Macedonia’s wine industry is on the rise. The warm Mediterranean climate of the valleys which run through the center of the country has provided perfect grape-growing conditions since the days of the Romans, but the region is only now being discovered by the world at large. In the final weeks of our stay, we set off to explore Macedonia’s vineyards. First stop: Štip and the Imako Vino Winery.
Established in 1989, Imako has become the third-largest producer of wine in Macedonia, cranking out ten million liters a year. We pulled into its parking lot at 10 in the morning (maybe a little too early for wine), and were met by a scientist who had agreed to take a break from the lab and show us around.
I must have unconsciously expected Macedonian wine to be produced by buxom village maidens, foot-stomping in a tub, because Imako’s state-of-the-art factory surprised me. This was a high-tech operation, with winemakers in laboratory frocks, and an automated, scientific process. From the arrival of the grapes to the bottling of the wine, the whole plant basically runs itself, monitored from a computer screen.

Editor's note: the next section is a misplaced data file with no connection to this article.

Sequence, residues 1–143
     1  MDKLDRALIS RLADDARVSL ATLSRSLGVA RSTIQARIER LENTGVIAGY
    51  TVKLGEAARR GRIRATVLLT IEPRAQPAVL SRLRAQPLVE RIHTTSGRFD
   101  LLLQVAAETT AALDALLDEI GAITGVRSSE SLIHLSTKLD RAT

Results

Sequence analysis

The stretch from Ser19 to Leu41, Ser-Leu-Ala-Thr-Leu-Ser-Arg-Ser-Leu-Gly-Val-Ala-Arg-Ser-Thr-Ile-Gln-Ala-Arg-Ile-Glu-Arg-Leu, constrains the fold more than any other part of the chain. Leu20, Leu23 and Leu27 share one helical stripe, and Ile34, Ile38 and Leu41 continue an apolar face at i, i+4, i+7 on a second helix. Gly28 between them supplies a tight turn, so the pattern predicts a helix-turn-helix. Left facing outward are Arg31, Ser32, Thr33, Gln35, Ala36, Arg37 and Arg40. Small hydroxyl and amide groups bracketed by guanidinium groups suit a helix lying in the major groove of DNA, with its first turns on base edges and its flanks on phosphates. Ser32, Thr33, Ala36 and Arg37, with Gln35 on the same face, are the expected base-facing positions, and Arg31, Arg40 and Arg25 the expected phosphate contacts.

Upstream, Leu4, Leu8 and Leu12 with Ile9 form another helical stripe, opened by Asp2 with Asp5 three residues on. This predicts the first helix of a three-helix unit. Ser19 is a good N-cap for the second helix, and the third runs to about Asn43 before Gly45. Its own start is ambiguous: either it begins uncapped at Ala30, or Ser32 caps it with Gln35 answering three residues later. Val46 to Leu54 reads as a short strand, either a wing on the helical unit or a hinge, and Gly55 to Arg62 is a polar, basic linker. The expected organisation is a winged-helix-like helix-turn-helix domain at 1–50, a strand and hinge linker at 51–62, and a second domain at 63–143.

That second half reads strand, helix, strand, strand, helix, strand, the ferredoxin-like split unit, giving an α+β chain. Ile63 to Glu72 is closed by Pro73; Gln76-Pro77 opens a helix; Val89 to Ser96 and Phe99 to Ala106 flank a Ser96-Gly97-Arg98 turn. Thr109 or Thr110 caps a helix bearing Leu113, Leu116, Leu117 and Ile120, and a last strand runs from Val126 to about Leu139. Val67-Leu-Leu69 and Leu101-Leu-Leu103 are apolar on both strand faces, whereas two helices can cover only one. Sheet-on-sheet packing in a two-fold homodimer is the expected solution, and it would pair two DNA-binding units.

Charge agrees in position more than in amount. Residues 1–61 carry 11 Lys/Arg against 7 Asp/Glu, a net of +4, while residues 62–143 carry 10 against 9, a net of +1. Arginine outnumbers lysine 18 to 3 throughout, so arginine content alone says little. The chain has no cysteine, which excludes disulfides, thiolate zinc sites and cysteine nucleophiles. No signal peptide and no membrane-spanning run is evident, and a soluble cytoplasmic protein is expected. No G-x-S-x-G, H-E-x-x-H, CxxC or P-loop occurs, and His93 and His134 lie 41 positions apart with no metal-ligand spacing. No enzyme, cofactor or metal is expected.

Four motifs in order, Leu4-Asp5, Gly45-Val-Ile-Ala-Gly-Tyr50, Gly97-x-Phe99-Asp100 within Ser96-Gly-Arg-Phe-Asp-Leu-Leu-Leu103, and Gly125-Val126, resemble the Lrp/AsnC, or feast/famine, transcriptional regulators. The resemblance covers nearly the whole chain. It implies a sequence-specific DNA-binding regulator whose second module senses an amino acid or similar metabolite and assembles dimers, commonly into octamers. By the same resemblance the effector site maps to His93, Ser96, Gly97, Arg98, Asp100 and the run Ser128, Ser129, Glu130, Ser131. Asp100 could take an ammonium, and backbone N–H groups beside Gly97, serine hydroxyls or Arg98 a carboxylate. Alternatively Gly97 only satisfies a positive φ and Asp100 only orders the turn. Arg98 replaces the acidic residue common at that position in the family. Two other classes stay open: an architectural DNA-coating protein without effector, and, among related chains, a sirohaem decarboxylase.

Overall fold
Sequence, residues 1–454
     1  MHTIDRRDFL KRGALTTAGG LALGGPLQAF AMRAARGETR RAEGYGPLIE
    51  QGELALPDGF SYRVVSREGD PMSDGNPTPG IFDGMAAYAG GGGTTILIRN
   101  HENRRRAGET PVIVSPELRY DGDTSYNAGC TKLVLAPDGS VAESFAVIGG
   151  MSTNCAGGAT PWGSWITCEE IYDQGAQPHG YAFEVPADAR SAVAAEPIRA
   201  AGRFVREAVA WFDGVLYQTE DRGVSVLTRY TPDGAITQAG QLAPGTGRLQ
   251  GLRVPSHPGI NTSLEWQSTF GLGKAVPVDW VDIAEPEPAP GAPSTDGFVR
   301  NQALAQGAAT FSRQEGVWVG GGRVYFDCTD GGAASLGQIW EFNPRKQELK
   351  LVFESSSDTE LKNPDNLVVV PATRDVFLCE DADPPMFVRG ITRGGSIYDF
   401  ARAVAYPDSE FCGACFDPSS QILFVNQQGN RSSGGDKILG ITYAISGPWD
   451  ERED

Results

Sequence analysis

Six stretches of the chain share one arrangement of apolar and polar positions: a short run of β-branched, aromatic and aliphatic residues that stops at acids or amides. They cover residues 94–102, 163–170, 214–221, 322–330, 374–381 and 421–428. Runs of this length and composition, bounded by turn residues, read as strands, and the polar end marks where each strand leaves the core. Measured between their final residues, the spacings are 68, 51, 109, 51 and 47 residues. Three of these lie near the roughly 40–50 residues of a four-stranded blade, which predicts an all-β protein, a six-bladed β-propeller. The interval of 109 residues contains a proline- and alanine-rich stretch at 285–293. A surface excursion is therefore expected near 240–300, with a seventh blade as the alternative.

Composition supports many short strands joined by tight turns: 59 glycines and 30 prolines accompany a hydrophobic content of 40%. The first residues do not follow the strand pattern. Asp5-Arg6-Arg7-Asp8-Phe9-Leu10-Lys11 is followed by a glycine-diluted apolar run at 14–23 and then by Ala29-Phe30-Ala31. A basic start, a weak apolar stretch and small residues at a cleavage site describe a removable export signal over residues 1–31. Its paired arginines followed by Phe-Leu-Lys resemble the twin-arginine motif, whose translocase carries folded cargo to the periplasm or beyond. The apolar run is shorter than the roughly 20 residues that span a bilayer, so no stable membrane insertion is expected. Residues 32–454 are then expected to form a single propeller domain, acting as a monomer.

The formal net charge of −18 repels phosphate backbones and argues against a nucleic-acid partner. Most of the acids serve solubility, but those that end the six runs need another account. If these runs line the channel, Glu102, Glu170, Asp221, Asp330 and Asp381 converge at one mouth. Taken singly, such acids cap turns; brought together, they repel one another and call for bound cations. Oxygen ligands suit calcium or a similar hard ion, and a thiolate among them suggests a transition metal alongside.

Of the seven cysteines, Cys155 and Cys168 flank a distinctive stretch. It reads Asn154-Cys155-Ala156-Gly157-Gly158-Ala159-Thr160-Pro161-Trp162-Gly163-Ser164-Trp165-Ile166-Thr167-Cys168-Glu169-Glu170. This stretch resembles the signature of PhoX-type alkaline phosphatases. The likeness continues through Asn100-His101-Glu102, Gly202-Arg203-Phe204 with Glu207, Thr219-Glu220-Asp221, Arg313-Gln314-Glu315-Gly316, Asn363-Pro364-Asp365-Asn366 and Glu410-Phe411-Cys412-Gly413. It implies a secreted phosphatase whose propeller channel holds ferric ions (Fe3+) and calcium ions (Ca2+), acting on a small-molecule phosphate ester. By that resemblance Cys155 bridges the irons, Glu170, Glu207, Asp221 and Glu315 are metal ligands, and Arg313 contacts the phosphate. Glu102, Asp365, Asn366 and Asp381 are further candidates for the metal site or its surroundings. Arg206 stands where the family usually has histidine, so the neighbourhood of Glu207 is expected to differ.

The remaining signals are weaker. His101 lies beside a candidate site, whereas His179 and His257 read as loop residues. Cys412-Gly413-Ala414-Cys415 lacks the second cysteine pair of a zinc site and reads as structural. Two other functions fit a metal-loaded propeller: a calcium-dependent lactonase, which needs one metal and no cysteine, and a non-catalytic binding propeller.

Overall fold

So, Imako wasn’t going to provide the romantic images we had expected, but our tour of the lab and factory floor was interesting. The best part came at the end, when we were brought to the tasting room. From the semi-dry golden Temjanika, to the rich dark-red Vranec, we sampled a lot of delicious wines; I even enjoyed the semi-sweet Muscat, which isn’t normally my thing.
In a world that’s become obsessed with wine culture, it’s strange that Macedonia’s industry is still so unknown to the outside world. There’s a variety of reasons for that, including the country’s dismal economy as well as its ridiculous name dispute with Greece. But anyone looking for the “next big thing” might want to consider Macedonia. We’re no experts but, to our layman’s palates, these wines compare well to those of more well-known regions.
Imako Vino – Website